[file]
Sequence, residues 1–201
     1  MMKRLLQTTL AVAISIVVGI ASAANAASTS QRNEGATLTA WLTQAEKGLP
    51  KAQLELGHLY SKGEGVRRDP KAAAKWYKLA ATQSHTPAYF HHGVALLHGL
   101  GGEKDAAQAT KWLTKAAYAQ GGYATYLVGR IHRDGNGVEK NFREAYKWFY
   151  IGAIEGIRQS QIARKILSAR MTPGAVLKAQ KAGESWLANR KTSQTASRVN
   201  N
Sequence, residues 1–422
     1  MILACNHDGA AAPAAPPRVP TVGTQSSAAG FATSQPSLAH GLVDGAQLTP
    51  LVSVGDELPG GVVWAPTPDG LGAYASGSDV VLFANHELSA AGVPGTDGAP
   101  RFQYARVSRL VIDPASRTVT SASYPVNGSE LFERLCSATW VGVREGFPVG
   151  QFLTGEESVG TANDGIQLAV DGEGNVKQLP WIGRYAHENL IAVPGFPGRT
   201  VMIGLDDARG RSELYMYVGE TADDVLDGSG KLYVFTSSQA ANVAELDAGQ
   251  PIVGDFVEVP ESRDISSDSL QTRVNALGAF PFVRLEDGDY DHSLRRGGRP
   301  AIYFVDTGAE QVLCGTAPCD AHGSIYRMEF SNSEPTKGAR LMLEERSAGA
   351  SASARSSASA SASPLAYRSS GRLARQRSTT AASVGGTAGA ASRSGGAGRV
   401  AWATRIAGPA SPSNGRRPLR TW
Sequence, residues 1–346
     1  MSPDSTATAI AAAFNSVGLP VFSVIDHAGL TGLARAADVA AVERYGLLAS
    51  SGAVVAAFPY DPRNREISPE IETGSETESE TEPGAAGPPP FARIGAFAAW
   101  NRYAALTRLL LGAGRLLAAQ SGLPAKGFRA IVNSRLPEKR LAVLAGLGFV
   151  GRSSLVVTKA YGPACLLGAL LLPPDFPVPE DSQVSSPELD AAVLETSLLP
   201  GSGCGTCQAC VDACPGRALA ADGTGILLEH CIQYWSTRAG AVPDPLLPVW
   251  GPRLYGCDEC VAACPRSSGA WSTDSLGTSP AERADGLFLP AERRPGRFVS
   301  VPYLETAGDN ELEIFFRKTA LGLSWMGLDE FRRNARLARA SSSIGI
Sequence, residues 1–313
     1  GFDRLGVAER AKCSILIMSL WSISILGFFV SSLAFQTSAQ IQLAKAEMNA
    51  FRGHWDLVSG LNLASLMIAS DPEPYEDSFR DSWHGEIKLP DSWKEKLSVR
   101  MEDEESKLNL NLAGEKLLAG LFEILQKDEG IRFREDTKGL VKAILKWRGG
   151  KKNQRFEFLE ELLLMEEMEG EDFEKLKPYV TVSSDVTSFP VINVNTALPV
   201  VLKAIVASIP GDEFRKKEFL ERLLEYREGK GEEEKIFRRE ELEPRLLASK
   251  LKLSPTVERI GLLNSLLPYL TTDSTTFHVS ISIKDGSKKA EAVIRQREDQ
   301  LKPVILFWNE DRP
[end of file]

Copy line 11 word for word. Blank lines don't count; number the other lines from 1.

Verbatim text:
   151  QFLTGEESVG TANDGIQLAV DGEGNVKQLP WIGRYAHENL IAVPGFPGRT